Ingmar Swart appointed Professor of Experimental Quantum Materials

Ingmar Swart in his lab
Ingmar Swart in his lab

On April 1st, 2024, Ingmar Swart was officially appointed as Professor of Experimental Quantum Materials at Utrecht University. In his lab, he constructs materials atom by atom and investigates the electronic properties of these structures. "What primarily drives me is the possibility of being the first one in history to discover how something works."

Ingmar Swart’s workspace in the Ornstein Laboratory reflects his background in fundamental natural sciences. He points to a painting on the wall. "This is a painting depicting the Doppler effect. The physicist Buys Ballot conducted research on this phenomenon in Utrecht. At that time, the research had no practical application, but nowadays, the Doppler effect is used in various applications such as radar imaging and ultrasounds." According to Swart, this demonstrates that fundamental research sometimes pays off only much later. "You can never predict the future applications of such discoveries."

There’s something else notable in the room. Beyond the painting, in the back of the room, is a walker. "Hopefully, that will be gone soon, but I had a severe bicycle accident two years ago, which resulted in a spinal cord injury," Swart explains. "Suddenly, I encountered all sorts of obstacles I didn’t know existed. So, to start working as a professor almost two years later, is extra special."

Building atom by atom

In his lab, Swart and his team develop quantum materials, then study the properties of these materials at a fundamental level. What’s remarkable is that the researchers work on the nanoscale: using a scanning tunneling microscope , they can build materials atom by atom. The microscope operates with a razor-sharp needle, allowing atoms to be moved as if sliding them alongside each other. "For example, you can slide a row of four atoms next to each other and study the properties of this row. How strong is it? Does it conduct electricity well or not? But you can also investigate what changes when you slide in one extra atom, remove one, or alter the entire shape."

Flocks of electrons

Swart is particularly interested in the electronic properties of these atomic arrangements. He studies where electrons are located and how they move within a material. "In physics, we don’t yet fully understand how multiple electrons interact with each other. Existing knowledge about electrons is often based on theories and measurements of single electrons. That’s why we understand, for example, why this table doesn’t conduct electricity, while this copper cup does."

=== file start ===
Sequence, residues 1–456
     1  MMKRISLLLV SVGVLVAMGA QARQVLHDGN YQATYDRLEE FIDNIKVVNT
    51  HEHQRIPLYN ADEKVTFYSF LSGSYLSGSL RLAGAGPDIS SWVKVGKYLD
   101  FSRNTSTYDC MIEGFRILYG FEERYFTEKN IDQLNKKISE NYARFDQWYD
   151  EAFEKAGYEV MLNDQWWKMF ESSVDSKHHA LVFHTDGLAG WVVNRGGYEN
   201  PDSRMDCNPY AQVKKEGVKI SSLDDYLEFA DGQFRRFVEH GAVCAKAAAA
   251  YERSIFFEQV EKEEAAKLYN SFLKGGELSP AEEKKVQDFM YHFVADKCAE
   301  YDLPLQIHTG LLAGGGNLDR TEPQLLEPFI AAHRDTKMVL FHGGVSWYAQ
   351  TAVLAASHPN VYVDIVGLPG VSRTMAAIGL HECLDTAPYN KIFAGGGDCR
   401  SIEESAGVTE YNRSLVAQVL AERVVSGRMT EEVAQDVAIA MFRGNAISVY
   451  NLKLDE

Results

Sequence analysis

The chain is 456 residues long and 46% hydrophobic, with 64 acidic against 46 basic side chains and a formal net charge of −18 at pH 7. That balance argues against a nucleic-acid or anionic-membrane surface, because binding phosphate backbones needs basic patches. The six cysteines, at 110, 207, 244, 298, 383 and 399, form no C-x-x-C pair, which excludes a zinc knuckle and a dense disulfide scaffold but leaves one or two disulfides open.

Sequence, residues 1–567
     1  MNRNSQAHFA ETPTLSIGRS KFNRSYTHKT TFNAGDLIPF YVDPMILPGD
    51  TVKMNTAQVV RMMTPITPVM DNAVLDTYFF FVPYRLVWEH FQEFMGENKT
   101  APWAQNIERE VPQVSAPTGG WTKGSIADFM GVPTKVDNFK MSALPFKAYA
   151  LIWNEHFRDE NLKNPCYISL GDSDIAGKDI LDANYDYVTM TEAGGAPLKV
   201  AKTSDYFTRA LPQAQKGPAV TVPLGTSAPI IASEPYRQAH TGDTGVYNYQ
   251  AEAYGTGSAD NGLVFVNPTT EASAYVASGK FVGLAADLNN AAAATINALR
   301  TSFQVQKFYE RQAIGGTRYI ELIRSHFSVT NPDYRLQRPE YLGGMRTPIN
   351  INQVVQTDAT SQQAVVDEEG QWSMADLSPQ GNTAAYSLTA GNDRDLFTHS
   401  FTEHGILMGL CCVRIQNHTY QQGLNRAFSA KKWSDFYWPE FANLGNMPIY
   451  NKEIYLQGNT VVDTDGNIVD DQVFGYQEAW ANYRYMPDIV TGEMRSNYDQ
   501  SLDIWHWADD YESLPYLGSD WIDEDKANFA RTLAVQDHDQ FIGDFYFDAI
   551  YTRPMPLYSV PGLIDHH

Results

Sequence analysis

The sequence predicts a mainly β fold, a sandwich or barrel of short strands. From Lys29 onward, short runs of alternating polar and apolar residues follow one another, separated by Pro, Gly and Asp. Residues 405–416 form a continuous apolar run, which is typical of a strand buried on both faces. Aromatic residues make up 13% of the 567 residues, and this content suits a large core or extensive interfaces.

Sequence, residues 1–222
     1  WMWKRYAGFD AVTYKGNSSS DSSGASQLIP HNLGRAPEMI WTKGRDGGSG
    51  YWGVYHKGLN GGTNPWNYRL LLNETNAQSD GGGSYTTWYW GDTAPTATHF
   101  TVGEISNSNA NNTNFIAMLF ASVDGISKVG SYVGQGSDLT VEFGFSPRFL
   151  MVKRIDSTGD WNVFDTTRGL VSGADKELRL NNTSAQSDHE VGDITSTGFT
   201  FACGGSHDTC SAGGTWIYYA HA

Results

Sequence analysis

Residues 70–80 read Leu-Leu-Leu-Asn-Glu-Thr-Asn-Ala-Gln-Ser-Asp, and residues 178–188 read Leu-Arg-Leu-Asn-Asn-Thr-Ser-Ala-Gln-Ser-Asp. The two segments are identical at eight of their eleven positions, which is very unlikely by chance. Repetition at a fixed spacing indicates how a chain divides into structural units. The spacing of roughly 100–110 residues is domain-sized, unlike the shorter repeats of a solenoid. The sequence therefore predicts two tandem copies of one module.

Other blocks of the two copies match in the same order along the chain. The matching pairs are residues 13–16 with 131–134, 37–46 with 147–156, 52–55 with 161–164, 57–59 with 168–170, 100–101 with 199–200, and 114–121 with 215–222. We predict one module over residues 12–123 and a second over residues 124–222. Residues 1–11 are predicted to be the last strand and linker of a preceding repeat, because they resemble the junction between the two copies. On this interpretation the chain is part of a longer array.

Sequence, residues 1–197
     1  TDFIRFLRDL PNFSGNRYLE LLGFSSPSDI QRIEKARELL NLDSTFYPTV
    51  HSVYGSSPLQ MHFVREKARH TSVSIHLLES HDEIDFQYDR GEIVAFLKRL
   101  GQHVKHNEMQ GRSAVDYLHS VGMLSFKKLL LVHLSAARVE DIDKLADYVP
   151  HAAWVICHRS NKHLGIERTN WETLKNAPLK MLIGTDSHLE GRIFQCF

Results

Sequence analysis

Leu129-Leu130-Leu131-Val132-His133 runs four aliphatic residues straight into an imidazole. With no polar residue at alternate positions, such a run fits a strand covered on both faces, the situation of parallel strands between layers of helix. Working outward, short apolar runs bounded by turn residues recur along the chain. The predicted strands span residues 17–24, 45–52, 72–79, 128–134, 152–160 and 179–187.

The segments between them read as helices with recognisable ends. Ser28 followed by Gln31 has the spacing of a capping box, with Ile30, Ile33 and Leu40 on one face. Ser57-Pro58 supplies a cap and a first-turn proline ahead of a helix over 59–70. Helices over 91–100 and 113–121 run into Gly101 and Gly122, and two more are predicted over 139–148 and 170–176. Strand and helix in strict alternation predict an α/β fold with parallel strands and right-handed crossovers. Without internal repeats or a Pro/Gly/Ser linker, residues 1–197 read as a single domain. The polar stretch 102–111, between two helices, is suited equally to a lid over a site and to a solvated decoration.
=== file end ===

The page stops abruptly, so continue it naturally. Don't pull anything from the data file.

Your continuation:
He compares groups of electrons with flocks of starlings. "Starlings in a flock all move together. When you study such a flock, you can examine its properties, such as density, colour, and shape, and how they change. These properties are determined by the way starlings react to each other. But if you take a single starling out of that mass, you can’t say anything about the properties of the flock." Just like you can’t deduce the properties of a flock of starlings by studying one bird, you can’t understand the interactions between electrons by analysing just one electron.

I think curiosity-driven research is a quintessential task for a university. If it doesn’t happen at the university, it won’t happen anywhere.

Ingmar Swart

Debye Institute for Nanomaterials Science


Often, interactions between electrons underpin quantum mechanical phenomena, such as superconductivity. While much is known about superconductivity at extremely low temperatures, superconductivity at higher temperatures remains largely unexplained. Such phenomena fascinate Swart. "I want to know precisely how the world works at the scale of molecules and atoms. Which phenomena from quantum mechanics can we utilise? And what effects do those phenomena have on a larger scale?" Just like with Buys Ballot’s findings, you never know what that knowledge will eventually be useful for. "I think curiosity-driven research is a quintessential task for a university. If it doesn’t happen at the university, it won’t happen anywhere."


In addition to his scientific work, Swart is one of the driving forces behind a series of murals depicting discoveries by Utrecht scientists. "The university has a rich history, particularly in the natural sciences. But how many people in Utrecht are aware of these discoveries and their significance? To strengthen the bond between the university and the city, and more generally between society and science, we’ve created a number of murals. I’m collaborating on this with a former colleague, Sander Kempkes, and the artists from De Strakke Hand. It’s especially enjoyable to collaborate with people from other disciplines. There are many more discoveries deserving of murals, so we hope to expand the series in the coming years."

About Ingmar

Swart has been associated with the Debye Institute for most of his academic career. After completing his Bachelor’s degree at Utrecht University, he only left the Institute for a research project at Berkeley in 2004 and for his Rubicon fellowship at the University of Regensburg between 2009 and 2012. In his new role, Swart will work for both the Chemistry and Physics departments and will collaborate closely with theorists in the field of quantum materials.